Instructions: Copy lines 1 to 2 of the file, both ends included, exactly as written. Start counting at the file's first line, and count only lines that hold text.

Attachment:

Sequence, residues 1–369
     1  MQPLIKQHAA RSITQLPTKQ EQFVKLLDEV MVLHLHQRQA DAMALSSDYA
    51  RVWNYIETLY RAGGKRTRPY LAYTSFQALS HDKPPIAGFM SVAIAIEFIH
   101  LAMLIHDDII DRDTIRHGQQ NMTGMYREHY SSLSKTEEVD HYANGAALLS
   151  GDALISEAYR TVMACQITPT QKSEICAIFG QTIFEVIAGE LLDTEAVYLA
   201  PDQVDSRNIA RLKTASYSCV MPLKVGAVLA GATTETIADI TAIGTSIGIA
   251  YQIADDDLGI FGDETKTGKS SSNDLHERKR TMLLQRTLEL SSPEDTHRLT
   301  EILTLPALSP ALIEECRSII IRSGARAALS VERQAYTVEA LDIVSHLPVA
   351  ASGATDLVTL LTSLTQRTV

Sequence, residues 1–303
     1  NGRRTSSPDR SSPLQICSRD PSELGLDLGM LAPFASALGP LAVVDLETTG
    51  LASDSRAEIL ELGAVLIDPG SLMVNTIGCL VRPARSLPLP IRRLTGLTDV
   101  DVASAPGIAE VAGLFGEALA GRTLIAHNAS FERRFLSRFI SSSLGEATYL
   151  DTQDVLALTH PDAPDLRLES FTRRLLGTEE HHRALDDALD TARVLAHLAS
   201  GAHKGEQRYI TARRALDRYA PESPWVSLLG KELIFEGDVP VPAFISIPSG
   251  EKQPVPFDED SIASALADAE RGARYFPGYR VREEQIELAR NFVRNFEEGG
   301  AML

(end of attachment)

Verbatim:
Sequence, residues 1–369
     1  MQPLIKQHAA RSITQLPTKQ EQFVKLLDEV MVLHLHQRQA DAMALSSDYA